Unitarian Universalism is something of a sunshine faith.  One of the real strengths of Unitarian Universalism, and all liberal religion really, is the affirmation of human potential.  Our base statement of faith is that all people have inherent worth and dignity; that we can choose to do good in the world, that we can do our part to usher in the beloved community.  Our commitment to freedom and tolerance is another hallmark of liberal religion.  But the edge to this is that these affirmations do not address suffering and evil head on. 

What do our words of freedom and tolerance offer in the face of mass murder at an elementary school?  Certainly freedom and tolerance still matter but that doesn’t offer comfort or meaning in the face of such events.  Certainly I can still say all people have inherent worth and can do good in the world.  And yet here is this gunman in Connecticut who murdered 6-year-olds and 7-year-olds.  I don’t want to talk about his dignity and potential for good.  I can do it.  Because it is real, the shooter did have inherent worth as a human being, I can do it.  I’m a professional, I can talk about if I must; but it is jarring.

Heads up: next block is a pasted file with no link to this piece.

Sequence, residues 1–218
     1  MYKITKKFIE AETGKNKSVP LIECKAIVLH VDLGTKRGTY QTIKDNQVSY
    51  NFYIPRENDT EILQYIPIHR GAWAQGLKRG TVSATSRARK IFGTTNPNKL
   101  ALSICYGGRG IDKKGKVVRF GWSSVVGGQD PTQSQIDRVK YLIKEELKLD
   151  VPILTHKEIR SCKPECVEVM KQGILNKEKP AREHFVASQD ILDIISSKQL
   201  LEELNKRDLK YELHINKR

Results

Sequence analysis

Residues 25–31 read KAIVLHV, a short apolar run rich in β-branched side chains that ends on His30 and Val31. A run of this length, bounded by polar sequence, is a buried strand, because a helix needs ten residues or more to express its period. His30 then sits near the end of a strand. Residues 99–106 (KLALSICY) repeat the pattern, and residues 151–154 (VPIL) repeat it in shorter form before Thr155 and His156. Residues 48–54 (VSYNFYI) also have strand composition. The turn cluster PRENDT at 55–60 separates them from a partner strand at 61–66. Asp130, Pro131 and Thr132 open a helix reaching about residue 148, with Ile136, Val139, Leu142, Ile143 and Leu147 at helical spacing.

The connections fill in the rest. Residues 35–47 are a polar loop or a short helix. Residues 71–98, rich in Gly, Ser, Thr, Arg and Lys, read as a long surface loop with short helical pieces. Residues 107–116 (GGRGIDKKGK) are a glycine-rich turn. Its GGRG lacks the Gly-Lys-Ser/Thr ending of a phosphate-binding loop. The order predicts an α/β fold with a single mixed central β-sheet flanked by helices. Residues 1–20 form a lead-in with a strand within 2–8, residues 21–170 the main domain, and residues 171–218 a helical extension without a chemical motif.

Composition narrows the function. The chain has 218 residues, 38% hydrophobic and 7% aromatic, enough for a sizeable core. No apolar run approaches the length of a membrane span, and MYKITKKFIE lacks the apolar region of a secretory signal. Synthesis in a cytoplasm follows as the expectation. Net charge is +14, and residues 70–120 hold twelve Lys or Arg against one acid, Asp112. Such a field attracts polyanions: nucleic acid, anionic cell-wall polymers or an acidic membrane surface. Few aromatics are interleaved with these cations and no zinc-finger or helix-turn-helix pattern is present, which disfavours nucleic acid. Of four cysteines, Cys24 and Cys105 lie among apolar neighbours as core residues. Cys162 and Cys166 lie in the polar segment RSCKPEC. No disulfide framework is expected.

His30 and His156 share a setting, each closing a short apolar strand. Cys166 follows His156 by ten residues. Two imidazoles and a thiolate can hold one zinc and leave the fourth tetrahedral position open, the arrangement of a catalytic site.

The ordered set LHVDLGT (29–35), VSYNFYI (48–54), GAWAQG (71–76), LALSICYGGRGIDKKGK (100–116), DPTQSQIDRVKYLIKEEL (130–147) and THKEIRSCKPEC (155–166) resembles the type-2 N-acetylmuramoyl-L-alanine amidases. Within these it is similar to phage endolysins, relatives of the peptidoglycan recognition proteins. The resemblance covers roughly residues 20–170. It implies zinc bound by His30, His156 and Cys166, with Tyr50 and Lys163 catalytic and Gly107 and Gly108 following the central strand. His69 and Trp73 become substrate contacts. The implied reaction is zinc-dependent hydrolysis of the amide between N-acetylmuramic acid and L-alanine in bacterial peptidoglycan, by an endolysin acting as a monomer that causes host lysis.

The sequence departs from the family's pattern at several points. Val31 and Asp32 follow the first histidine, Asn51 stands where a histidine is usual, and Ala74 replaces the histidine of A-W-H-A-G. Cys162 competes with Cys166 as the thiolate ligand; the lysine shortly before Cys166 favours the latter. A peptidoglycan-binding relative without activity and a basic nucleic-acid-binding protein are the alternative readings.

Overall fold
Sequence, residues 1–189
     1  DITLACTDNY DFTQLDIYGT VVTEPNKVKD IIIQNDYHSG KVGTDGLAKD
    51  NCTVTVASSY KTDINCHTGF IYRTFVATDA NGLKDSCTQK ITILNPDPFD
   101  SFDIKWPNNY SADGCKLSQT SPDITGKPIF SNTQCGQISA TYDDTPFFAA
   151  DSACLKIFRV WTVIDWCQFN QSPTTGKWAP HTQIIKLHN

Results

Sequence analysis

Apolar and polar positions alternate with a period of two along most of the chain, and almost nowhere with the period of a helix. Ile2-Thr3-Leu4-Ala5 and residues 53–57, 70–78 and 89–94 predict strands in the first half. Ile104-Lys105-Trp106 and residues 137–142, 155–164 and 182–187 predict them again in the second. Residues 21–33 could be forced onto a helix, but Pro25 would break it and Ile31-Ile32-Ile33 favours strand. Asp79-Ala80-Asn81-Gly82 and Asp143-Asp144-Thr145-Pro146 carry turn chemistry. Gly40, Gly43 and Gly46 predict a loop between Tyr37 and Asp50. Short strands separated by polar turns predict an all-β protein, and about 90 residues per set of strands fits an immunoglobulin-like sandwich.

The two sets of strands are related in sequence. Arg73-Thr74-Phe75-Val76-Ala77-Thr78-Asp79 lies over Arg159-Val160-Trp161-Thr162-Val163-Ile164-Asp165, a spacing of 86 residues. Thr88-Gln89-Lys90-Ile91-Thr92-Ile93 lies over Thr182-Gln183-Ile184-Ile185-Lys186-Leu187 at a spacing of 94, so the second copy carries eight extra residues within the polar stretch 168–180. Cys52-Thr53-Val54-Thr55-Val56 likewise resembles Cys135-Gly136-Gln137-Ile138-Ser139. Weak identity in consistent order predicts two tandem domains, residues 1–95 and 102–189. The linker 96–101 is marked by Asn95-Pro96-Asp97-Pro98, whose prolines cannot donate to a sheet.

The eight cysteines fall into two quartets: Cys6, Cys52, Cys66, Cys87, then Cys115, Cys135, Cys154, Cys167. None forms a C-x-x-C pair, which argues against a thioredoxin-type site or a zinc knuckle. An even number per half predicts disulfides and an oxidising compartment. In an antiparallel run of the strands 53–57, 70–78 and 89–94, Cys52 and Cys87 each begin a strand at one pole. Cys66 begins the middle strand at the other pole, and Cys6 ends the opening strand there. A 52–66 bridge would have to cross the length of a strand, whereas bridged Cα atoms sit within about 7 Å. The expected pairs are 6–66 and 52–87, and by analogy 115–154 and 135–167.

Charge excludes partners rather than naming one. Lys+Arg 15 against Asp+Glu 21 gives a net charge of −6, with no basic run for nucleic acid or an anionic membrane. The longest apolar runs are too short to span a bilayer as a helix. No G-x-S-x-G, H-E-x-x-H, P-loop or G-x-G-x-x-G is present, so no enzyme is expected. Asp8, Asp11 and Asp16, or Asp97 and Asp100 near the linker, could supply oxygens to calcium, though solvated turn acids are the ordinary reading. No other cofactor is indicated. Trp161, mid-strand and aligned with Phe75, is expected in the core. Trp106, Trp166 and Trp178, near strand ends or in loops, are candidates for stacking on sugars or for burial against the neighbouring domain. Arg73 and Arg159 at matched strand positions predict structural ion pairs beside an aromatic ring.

But we don’t start, theologically, from a place that names such actions evil.  Other theological systems begin with how we human beings are fallen, how we are born in sin, how all life is suffering, how destruction and creation go hand in hand.  Our theology starts with a promise.  We don’t even begin with a statement about human nature; that comes next.  And here I am referring to the Unitarian Universalist Principles, “We covenant to affirm and promote the inherent worth and dignity of every person.”  And these Seven Principles in our covenant are really not in and of themselves “our theology,” not really.  But that’s a layer of nuance that right now is a little annoying.